Ed Bell’s career has covered a lot of ground. He is a filmmaker, director, animation artist, and modern day griot. Prior to joining Maverix, he was a key member of Wild Brain directing team. While there he was a lead commercial director, as well as helped to develop numerous television and film projects for the studio. For Wild Brain’s commercial division, Ed’s unique hip-hop/anime style can be seen in inspired commercial campaigns for clients such as Coca-Cola, Sony, Nike, Target and Wrigley’s Winterfresh Gum with the acclaimed Urban Hip Hopper spot. Ed was also a contributing director (Tar Beach segment) on HBO’s “Good Night Moon & Other Sleepytime Tales,” which garnered the 1999-2000 Primetime Emmy Award for Outstanding Children’s Program.
Ed was also the producing director and writer of “The John Henry Story,” an HBO co- production with S4C Wales, (the BBC programmer for Channel 4 England,) which was presented at the World Summit On Children’s Television and was awarded two Primetime Emmys for Animation & Narration in 2002. Prior to joining Wild Brain, Ed directed the Cable Ace award-winning series “Happily Ever After: Fairy Tales for Every Child,” for HBO. For this project, he directed a myriad of TV and film celebrities (from Fishbone and Jimmy Smits to Denzel Washington and Whoopi Goldberg) and provided art direction for every episode. He also worked with HBO directing a live-action documentary, “Unchained Memories: Readings from the Slave Narratives” for HBO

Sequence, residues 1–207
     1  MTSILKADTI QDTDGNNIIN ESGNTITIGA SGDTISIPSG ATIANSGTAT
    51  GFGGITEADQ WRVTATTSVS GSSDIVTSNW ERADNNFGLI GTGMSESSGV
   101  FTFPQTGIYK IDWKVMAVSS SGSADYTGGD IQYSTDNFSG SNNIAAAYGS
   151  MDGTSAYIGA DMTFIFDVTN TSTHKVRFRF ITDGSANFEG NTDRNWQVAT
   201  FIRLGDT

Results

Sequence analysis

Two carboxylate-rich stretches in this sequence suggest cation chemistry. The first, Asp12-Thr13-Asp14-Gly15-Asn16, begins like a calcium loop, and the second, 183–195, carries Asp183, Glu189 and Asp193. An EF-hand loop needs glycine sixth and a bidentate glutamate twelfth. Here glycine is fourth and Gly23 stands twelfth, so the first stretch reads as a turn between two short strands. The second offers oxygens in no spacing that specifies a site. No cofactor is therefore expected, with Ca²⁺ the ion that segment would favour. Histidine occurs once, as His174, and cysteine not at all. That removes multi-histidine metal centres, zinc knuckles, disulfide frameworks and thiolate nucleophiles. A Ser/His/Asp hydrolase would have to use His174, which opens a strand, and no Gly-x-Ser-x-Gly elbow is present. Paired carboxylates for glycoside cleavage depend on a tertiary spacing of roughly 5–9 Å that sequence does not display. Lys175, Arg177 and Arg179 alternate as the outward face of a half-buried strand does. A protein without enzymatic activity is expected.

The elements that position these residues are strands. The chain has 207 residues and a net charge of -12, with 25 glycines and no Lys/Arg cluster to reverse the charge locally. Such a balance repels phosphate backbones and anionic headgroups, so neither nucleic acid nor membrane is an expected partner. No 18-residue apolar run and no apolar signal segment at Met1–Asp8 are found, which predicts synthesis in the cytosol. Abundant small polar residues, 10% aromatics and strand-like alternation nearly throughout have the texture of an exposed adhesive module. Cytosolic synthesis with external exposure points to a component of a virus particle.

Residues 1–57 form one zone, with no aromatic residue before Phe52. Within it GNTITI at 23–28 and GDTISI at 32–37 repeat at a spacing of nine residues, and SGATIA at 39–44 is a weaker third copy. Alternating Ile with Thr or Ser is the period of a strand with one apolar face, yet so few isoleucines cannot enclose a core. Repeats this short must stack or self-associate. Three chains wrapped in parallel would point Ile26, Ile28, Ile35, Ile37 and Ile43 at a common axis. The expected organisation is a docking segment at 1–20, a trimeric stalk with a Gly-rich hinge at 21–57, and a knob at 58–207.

Films. “Unchained Memories” received nominations in four categories of the 2003 EMMY awards, including best nonfiction special of the year (Drama).
Ed graduated from the Film/Video Program at the California Institute of the Arts in 1988, and launched his career as a layout artist on “The New Adventures of Mighty Mouse.” He worked next on the animated features “Roger Rabbit” and “FernGully” before traveling to Munich, London and Paris to work on various other animation projects. In 1990, Ed joined the special projects department at Warner Brothers Animation, where he created theatrically released animated shorts. In 1991, he returned to London to work as an animator/titles designer on the feature film “Bebe’s Kids,” after conceptually art directing the film in LA. Later that year, John Kricfalusi (the creator of the original “Ren and Stimpy” Show) lured Ed to Spumco for a time.